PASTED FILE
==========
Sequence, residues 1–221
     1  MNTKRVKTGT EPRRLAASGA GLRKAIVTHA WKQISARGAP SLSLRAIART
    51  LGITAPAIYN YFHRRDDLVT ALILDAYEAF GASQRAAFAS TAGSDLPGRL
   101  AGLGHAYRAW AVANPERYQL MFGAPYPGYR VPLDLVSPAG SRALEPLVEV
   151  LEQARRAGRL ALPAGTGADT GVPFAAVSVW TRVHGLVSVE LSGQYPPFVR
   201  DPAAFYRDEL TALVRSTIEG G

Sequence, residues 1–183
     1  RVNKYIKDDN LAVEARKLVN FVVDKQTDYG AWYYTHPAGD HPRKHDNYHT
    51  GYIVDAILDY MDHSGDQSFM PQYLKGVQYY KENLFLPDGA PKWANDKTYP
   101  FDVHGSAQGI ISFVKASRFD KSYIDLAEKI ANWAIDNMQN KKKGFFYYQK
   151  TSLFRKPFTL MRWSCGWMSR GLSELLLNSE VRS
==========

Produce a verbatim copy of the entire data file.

Sequence, residues 1–221
     1  MNTKRVKTGT EPRRLAASGA GLRKAIVTHA WKQISARGAP SLSLRAIART
    51  LGITAPAIYN YFHRRDDLVT ALILDAYEAF GASQRAAFAS TAGSDLPGRL
   101  AGLGHAYRAW AVANPERYQL MFGAPYPGYR VPLDLVSPAG SRALEPLVEV
   151  LEQARRAGRL ALPAGTGADT GVPFAAVSVW TRVHGLVSVE LSGQYPPFVR
   201  DPAAFYRDEL TALVRSTIEG G

Sequence, residues 1–183
     1  RVNKYIKDDN LAVEARKLVN FVVDKQTDYG AWYYTHPAGD HPRKHDNYHT
    51  GYIVDAILDY MDHSGDQSFM PQYLKGVQYY KENLFLPDGA PKWANDKTYP
   101  FDVHGSAQGI ISFVKASRFD KSYIDLAEKI ANWAIDNMQN KKKGFFYYQK
   151  TSLFRKPFTL MRWSCGWMSR GLSELLLNSE VRS